o Demand
is
uniform
and
deterministic
Lead
time
is
instantaneous
(0)
although
this
is
not
restrictive
at
all
since
the
lead
time,
L,
does
not
influence
the
Order
Size,
Q.
o Total
amount
ordered
is
received
Inventory
Replenishment
Policy
o Order
Q*
units
every
T*
time
periods
o Order
Q*
units
when
inventory
on
hand
(IOH)
is
zero
Essentially,
the
Q*
is
the
Cycle
Stock
for
each
replenishment
cycle.
It
is
the
expected
demand
for
that
amount
of
time
between
order
deliveries.
o
Notation:
c:
Purchase
cost
($/unit)
ct:
Ordering
Costs
($/order)
ce:
Excess
holding
Costs
($/unit/time);
equal
to
ch
cs:
Shortage
costs
($/unit)
D:
Demand
(units/time)
DA:
Actual
Demand
(units/time)
DF:
Forecasted
Demand
(untis/time)
h:
Carrying
or
holding
cost
($/inventory
$/time)
Q:
Replenishment
Order
Quantity
(units/order)
Q*:
Optimal
Order
Quantity
Under
EOQ
(units/order)
Q*A:
Optimal
Order
Quantity
with
Actual
Demand
(units/order)
Q*F:
Optimal
Order
Quantity
with
Forecasted
Demand
(units/order)
T:
Order
Cycle
Time
(time/order)
T*:
Optimal
Time
between
Replenishments
(time/order)
N:
Orders
per
Time
or
1/T
(order/time)
TRC(Q):
Total
Relevant
Cost
($/time)
TC(Q):
Total
Cost
($/time)
Formulas:
Total Costs: TC = Purchase + Order + Holding + Shortage
This
is
the
generic
total
cost
equation.
The
specific
form
of
the
different
elements
depends
on
the
assumptions
made
concerning
the
demand,
the
shortage
types,
etc.
= + !
+ !
+ ! [ ]
+ !
2!
!
2!
!
2! !
Sensitivity Analysis
The
EOQ
is
very
robust.
The
following
formulas
provide
simply
ways
of
calculating
the
impact
of
using
a
nonoptimal
Q,
an
incorrect
annual
Demand
D,
or
a
nonoptimal
time
interval,
T.
EOQ Sensitivity with Respect to Order Quantity
The
equation
below
calculates
the
percent
difference
in
total
relevant
costs
to
optimal,
when
using
a
nonoptimal
order
quantity
(Q):
()
1
=
( )
2
!
+
!
!
!
Additional References:
There
are
more
books
that
cover
the
basics
of
inventory
management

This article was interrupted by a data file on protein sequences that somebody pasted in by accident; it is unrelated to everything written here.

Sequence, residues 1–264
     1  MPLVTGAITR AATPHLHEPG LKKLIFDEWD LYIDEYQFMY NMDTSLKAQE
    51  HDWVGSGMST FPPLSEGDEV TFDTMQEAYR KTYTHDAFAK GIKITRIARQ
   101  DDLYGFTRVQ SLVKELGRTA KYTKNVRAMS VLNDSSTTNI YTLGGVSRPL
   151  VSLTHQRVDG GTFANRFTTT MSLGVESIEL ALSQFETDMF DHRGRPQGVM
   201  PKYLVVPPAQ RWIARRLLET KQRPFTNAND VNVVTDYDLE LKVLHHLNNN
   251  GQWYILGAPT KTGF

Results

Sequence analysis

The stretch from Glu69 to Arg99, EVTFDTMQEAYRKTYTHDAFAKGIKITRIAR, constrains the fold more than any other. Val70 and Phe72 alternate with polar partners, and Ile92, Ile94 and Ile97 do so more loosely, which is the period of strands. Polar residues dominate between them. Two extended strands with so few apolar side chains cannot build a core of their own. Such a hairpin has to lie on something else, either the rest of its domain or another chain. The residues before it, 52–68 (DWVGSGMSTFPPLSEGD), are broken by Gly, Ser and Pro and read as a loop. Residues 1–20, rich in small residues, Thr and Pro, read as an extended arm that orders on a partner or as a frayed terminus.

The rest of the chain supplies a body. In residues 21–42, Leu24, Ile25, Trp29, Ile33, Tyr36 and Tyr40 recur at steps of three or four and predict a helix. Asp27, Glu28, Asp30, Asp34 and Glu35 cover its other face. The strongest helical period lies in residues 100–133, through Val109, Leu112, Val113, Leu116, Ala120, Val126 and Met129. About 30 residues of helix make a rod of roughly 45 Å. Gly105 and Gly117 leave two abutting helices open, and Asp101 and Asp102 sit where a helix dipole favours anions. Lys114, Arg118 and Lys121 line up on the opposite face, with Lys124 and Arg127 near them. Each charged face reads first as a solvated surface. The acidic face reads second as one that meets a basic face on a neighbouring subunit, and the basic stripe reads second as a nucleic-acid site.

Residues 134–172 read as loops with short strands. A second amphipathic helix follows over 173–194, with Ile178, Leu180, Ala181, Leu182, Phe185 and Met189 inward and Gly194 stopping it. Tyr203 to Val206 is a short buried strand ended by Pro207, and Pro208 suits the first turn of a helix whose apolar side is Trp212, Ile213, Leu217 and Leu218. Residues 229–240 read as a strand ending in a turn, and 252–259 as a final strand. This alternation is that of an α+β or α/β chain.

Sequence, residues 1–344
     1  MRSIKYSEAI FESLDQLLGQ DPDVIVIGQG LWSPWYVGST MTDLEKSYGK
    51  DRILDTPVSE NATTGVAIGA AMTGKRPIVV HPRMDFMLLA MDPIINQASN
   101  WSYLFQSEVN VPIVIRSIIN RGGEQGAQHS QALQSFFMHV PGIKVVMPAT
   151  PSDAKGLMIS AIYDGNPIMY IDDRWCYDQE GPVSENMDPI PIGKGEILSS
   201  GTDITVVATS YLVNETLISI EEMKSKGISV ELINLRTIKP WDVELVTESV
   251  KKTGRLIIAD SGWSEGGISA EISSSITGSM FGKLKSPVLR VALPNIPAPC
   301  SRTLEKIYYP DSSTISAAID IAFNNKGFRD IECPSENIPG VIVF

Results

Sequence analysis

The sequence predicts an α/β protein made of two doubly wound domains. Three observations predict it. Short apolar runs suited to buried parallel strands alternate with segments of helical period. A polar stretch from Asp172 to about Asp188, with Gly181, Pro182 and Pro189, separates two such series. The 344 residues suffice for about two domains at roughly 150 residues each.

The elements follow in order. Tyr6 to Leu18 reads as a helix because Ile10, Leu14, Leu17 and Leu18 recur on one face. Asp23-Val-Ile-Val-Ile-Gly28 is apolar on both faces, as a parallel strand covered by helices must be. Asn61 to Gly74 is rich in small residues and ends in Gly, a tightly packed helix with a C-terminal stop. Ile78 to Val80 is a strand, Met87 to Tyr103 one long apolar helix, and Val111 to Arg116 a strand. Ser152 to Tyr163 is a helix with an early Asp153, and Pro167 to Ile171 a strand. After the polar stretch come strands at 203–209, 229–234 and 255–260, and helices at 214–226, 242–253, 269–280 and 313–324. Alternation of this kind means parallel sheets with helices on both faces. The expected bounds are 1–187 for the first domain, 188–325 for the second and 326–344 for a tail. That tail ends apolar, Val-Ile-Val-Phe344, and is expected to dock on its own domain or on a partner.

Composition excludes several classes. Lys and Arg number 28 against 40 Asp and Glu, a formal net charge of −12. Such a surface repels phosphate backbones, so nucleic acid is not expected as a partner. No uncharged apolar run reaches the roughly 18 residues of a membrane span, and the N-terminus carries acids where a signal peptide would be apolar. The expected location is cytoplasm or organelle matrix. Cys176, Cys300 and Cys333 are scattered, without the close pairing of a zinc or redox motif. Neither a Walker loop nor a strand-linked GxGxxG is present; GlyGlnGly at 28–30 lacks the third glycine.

than
there
are
grains
of
sand
on
the
beach!
Inventory
management
is
also
usually
covered
in
Operations
Management
and
Industrial
Engineering
texts
as
well.
A
word
of
warning,
though.
Every
textbook
uses
different
notation
for
the
same
concepts.
Get
used
to
it.
Always
be
sure
to
understand
what
the
nomenclature
means
so
that
you
do
not
get
confused.
I
will
make
references
to
our
core
texts
we
are
using
in
this
course
but
will
add
some
additional
texts
as
they
fit
the
topics.
Inventory
is
introduced
in
Nahmias
Chpt
4
and
Silver,
Pyke
&
Peterson
Chpt
5,
and
Ballou
Chpt
9.
Lesson Summary:
The
Economic
Order
Quantity
can
be
extended
to
cover
many
different
situations.
We
covered
three
extensions:
leadtime,
volume
discounts,
and
finite
replenishment
or
EPQ.
We
developed
the
EOQ
previously
assuming
the
rather
restrictive
(and
ridiculous)
assumption
that
lead
time
was
zero.
That
is,
instantaneous
replenishment
like
on
Star
Trek.
However,
we
show
in
the
lesson
that
including
a
nonzero
lead
time,
while
increasing
the
total
cost
due
to
having
pipeline
inventory,
will
NOT
change
the
calculation
of
the
optimal
order
quantity,
Q*.
In
other
words,
leadtime
is
not
relevant
to
the
determination
of
the
needed
cycle
stock.
Volume
discounts
are
more
complicated.
Including
them
makes
the
purchasing
costs
relevant
since
they
now
impact
the
order
size.
We
discussed
three
types
of
discounts:
AllUnits
(where
the
discount
applies
to
all
items
purchased
if
the
total
amount
exceeds
the
break
point
quantity),
Incremental
(where
the
discount
only
applies
to
the
quantity
purchased
that
exceeds
the
breakpoint
quantity),
and
OneTime
(where
a
onetime
only
discount
is
offered
and
you
need
to
determine
the
optimal
quantity
to
procure
as
an
advance
buy).
Discounts
are
exceptionally
common
in
practice
as
they
are
used
to
incentivize
buyers
to
purchase
more
or
to
order
in
convenient
quantities
(full
pallet,
full
truckload,
etc.).
Finite
Replenishment
is
very
similar
to
the
EOQ
model,
except
that
the
product
is
available
at
a
certain
production
rate
rather
than
all
at
once.
In
the
lesson
we
show
that
this
tends
to
reduce
the
average
inventory
on
hand
(since
some
of
each
order
is
manufactured
once
the
order
is
received)
and
therefore
increases
the
optimal
order
quantity.
Key Concepts:
Notation:
c:
Purchase
cost
($/unit)
ci:
Discounted
purchase
price
for
discount
range
i
($/unit)
e
c i:
Effective
purchase
cost
for
discount
range
i
($/unit)
[for
incremental
discounts]
ct:
Ordering
Costs
($/order)
ce:
Excess
holding
Costs
($/unit/time);
Equal
to
ch
cs:
Shortage
costs
($/unit)
cg:
One
Time
Good
Deal
Purchase
Price
($/unit)
Fi:
Fixed
Costs
Associated
with
Units
Ordered
below
Incremental
Discount
Breakpoint
i
D:
Demand
(units/time)
DA:
Actual
Demand
(units/time)
DF:
Forecasted
Demand
(untis/time)
h:
Carrying
or
holding
cost
($/inventory
$/time)
L:
Order
Leadtime
Q:
Replenishment
Order
Quantity
(units/order)
Q*:
Optimal
Order
Quantity
under
EOQ
(units/order)
Qi:
Breakpoint
for
quantity
discount
for
discount
i
(units
per
order)
Qg:
One
Time
Good
Deal
Order
Quantity
P:
Production
(units/time)
T:
Order
Cycle
Time
(time/order)
T*:
Optimal
Time
between
Replenishments
(time/order)
N:
Orders
per
Time
or
1/T
(order/time)
TRC(Q):
Total
Relevant
Cost
($/time)
TC(Q):
Total
Cost
($/time)
Formulas:
Average Pipeline Inventory
The
amount
of
inventory,
on
average,
is
the
annual
demand
times
the
lead
time.